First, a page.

Here is how to sew a tubular scarf (buff) using a non-chafing 2-thread flatlock seam on a serger. It’s super easy and quick to make, and the end result will look very professional.
Suitable fabrics for a buff
Use a soft, lightweight and stretchy knit that is kind to the skin. Here are some excellent choices for sewing a tubular scarf.
- Cotton knit
- Wool knit
- Rayon or Bamboo jersey
- Soft breathable synthetic knits
Opt for a knit that has at least 40% to 50% stretch across the fabric, since you want your buff to fit snugly, but not being constricting.
To test the stretch, take a 10 cm (4″) piece of fabric and stretch it out to see how much it expands.
Making the buff pattern
You are basically creating a simple rectangular sewing pattern, where the size depends on both the head circumferance and the fabric you are using.
Here are some measurement suggestions for a long buff pattern.
Width: 40 cm (15 ¾”)
Height: 48 cm (19”)
Width: 46 cm (18”)
Height: 50 cm (19 ½”)
Width: 50 cm (19 ½”)
Height: 52 cm (20 ½”)
A seam allowance for a wide 2-thread flatlock seam is included.
Note: Remember that the amount of stretch will affect the size of the pattern. If you are using a fabric with a lot of stretch, I recommend making the buff pattern smaller. A thicker fabric on the other hand will likely make the buff tighter and smaller, so you might need to increase the width for that.
You can also wrap the fabric around the head and pin it where it feels good to you. Use the direction with the most stretch when testing this.
Cut the buff
The width should have the same direction as the direction with most stretch on the fabric. When doing a flatlock seam you should ideally not cut the fabric with the serger knife, which means that the edge needs to straight and even. So using a rotary cutter and a mat is often the best option.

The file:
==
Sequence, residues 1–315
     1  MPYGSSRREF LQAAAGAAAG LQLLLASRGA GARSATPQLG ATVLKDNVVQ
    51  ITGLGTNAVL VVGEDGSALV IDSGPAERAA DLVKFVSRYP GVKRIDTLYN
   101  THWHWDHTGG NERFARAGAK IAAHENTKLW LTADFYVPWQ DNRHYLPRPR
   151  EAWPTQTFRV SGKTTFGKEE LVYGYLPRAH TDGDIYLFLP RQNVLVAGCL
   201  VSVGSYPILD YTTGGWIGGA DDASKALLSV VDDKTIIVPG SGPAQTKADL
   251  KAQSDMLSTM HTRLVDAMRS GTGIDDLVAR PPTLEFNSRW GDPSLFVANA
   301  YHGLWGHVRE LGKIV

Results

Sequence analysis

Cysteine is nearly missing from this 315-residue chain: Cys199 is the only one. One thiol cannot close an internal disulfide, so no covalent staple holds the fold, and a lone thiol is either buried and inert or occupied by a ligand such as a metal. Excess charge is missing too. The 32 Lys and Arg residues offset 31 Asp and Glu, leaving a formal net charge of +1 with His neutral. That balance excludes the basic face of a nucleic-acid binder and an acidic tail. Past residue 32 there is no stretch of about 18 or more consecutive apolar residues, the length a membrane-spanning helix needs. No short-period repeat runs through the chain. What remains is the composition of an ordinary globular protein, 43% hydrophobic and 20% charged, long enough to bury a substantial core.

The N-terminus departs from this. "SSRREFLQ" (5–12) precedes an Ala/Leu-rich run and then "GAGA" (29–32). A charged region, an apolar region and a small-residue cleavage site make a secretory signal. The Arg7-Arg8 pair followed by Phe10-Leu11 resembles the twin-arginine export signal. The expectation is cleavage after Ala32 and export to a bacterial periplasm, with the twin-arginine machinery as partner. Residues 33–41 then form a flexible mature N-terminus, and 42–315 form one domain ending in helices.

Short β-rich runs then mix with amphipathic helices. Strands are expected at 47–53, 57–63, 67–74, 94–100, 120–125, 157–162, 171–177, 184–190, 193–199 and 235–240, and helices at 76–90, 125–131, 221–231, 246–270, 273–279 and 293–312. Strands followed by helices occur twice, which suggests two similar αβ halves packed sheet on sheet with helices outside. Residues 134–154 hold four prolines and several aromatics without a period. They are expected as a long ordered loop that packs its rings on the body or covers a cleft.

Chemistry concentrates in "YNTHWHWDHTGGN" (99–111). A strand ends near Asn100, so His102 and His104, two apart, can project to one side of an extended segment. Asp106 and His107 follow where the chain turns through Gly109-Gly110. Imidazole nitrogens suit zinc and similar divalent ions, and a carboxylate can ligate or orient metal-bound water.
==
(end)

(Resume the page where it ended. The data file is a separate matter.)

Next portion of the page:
Fold the buff, wrong sides facing, right side up. Yes, you read that right, this the way fabric should be positioned when sewing a serger flatlock seam.
Thread your serger for a 2-thread wide flatlock seam
All sergers have a 2-thread flatlock option and read your manual carefully to figure out how to set up the stitch properly since it usually requires a different type of threading and/or a gadget (converter) in order to make this seam work.
Three tips for flatlock success
Before you start sewing your flat lock seam, here are three tips for making this sittch truly flat
- Position the edge of the fabric slightly away from the cutting knife.
- Either increase the needle tension or decrease the looper tension. This will also help the seam lie flat when opened. Note that on sergers with auto tension this isn’t possible, but Babylock, for instance, has a screw that you can adjust the looper tension with, that could be worth trying.
- Increase the stitch length to make the seam less bulky. But don’t make the stitches too far apart, as it might affect the durability of the seam.
Remember to always do a sample to ensure that the flatlock seam really becomes flat when pulled open.
Sew the buff
Before you start sewing, make sure there is a 10 cm (4″) long thread tail at the end; you’ll need this tail to secure the seam after sewing.
Stitch the buff, remember the right side of the fabric should be facing you. Meaning that you are sewing the buff from the outside instead of the inside which is what you do with most other stitches.
Here I’m using flossy woolly nylon for better coverage and a professional finish, to learn more about this thread check out my woolly nylon video.
When you reach the end of the fabric, keep sewing to create that long tail again.
Open up the flatlock seam
Open up the flatlock seam by pulling it. On the reverse side, you’ll see these ladders. Go over the seam one more time to make sure it really lies flat.
Secure the ends
Secure the end by threading the thread tail into the eye of a large needle. Secure the seam on the reverse side by inserting the thread into the ladders and then finishing it off with a knot or two.
Repeat on both sides and trim the remaining thread. As you can see here there is a little fabric peeking through at the end, this is just a cosmetic thing and is due the longer stitch length. The seam is still secure.
The finished buff. Look how neat and great it looks, with no chafing seams, meaning that this scarf will be so kind to your skin.
You can also check out this step-by-step video tutorial on how to sew a buff with a seger using the flatlock seam: